Background: This study tested the hypothesis that maternal physiological and psychological variables during pregnancy discriminate between theoretically informed infant stress reactivity profiles.
Methods: The sample comprised 254 women and their infants. Maternal mood, salivary cortisol, respiratory sinus arrhythmia (RSA), and salivary α-amylase (sAA) were assessed at 15 and 32 weeks gestational age. Infant salivary cortisol, RSA, and sAA reactivity were assessed in response to a structured laboratory frustration task at 6 months of age. Infant responses were used to classify them into stress reactivity profiles using three different classification schemes: hypothalamic-pituitary-adrenal (HPA)-axis, autonomic, and multi-system. Discriminant function analyses evaluated the prenatal variables that best discriminated infant reactivity profiles within each classification scheme.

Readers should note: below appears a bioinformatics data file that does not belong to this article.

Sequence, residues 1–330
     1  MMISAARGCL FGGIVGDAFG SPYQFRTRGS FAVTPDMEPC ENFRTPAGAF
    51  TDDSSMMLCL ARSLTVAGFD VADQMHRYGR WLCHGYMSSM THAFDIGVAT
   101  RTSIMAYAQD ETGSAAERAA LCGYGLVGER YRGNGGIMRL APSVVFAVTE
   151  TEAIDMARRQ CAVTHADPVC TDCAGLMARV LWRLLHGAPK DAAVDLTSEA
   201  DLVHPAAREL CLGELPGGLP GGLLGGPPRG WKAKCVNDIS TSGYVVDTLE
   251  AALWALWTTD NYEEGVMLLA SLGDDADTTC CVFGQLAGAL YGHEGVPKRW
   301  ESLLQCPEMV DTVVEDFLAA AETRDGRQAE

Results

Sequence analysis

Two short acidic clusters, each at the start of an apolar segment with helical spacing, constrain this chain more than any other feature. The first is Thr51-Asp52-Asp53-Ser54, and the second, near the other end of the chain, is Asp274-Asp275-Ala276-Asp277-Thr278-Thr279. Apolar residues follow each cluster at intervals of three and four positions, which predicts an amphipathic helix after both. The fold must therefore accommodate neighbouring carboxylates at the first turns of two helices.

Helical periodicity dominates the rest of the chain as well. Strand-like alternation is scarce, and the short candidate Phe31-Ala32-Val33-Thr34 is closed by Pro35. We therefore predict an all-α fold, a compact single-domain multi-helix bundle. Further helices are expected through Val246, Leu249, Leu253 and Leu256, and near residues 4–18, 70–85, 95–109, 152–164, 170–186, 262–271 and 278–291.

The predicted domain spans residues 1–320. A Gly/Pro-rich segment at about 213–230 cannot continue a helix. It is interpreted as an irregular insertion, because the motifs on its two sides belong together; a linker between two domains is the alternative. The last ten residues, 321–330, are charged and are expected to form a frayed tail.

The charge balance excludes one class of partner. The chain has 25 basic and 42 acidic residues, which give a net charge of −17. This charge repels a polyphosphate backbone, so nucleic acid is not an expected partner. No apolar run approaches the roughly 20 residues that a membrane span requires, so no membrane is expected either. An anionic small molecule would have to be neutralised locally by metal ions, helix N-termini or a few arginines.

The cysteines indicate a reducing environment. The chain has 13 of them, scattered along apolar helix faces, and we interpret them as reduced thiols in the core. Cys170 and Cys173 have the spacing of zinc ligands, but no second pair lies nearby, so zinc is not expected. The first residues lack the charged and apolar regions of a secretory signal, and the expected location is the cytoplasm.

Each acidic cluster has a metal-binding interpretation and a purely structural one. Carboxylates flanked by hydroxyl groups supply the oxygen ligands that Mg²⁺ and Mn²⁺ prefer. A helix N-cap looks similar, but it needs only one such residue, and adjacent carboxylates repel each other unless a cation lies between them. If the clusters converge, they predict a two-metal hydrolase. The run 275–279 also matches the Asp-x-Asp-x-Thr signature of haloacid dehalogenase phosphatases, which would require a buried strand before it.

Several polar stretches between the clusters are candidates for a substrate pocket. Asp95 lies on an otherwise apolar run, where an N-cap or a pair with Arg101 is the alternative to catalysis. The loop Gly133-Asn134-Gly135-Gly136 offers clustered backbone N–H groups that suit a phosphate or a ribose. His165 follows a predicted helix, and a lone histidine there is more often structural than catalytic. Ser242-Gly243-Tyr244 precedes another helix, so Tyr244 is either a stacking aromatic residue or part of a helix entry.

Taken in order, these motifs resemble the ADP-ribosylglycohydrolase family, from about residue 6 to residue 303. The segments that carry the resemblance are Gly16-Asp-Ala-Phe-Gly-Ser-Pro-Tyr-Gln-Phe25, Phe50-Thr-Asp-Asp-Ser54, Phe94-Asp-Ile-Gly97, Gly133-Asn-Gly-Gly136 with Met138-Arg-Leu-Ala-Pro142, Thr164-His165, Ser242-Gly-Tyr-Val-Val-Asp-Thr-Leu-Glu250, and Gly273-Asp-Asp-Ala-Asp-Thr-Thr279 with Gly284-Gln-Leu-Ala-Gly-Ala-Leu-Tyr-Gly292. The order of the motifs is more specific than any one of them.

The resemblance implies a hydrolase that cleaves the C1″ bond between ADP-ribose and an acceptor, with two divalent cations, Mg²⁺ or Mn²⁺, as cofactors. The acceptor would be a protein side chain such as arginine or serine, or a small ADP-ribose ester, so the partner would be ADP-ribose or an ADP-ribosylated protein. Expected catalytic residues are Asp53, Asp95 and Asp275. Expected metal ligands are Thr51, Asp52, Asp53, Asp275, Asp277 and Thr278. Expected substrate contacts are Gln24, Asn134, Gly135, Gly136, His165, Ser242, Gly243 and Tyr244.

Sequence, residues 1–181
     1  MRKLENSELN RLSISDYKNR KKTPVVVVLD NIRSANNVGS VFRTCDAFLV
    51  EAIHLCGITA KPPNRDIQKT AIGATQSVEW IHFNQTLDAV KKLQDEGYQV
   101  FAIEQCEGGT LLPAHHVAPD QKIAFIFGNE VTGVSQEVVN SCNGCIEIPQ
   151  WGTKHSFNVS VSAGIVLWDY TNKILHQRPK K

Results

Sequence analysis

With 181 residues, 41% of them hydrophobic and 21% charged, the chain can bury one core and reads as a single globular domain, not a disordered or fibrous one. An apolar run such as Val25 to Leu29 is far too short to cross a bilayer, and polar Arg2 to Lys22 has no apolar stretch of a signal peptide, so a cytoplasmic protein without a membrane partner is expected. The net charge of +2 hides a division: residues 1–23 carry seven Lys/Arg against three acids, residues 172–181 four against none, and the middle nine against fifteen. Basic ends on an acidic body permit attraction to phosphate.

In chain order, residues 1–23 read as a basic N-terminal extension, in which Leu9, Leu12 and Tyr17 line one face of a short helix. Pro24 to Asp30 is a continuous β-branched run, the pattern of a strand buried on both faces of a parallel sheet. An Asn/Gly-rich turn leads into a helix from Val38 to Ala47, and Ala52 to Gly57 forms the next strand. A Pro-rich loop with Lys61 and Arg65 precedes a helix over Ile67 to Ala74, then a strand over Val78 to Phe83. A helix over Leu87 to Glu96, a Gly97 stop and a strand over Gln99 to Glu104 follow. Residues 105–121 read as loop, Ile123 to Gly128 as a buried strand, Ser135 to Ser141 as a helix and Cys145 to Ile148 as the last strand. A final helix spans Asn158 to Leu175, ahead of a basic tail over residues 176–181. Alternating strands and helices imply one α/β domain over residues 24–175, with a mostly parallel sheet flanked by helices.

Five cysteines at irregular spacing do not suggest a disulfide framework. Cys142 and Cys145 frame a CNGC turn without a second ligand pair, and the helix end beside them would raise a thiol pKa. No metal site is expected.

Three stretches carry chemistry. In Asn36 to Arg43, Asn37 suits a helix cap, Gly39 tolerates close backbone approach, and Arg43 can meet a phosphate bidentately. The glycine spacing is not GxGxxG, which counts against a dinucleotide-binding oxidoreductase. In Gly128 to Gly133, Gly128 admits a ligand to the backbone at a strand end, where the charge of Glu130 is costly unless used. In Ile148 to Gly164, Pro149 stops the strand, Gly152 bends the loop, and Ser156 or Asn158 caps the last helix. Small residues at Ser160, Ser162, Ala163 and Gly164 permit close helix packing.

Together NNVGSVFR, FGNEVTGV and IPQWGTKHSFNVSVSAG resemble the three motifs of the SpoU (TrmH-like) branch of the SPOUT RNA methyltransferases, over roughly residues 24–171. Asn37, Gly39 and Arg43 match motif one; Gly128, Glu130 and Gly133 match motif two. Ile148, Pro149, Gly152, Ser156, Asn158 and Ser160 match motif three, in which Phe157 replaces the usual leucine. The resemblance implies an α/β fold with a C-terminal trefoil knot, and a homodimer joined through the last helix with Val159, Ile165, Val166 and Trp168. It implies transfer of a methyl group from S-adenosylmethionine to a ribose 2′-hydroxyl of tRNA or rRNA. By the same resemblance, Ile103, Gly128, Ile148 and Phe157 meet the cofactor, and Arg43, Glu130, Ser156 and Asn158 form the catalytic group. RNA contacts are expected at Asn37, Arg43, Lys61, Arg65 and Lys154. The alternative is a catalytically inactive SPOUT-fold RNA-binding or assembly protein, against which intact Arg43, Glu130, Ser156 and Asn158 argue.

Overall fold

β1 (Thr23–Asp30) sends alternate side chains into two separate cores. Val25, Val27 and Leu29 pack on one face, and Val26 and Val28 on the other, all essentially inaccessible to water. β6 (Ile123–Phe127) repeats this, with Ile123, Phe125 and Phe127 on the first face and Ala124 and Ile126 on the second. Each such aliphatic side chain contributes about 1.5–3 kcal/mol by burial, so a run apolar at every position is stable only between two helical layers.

Results: Maternal stress biomarkers, along with self-reported psychological distress during pregnancy, discriminated between infant stress reactivity profiles.
Conclusions: These results suggest that maternal psychological and physiological states during pregnancy have broad effects on the development of the infant stress response systems. © 2016 Wiley Periodicals, Inc. Dev Psychobiol 58: 578-599, 2016.
Keywords: fetal programming; psychological distress; respiratory sinus arrhythmia; salivary cortisol; salivary α-amylase; stress reactivity.
© 2016 Wiley Periodicals, Inc.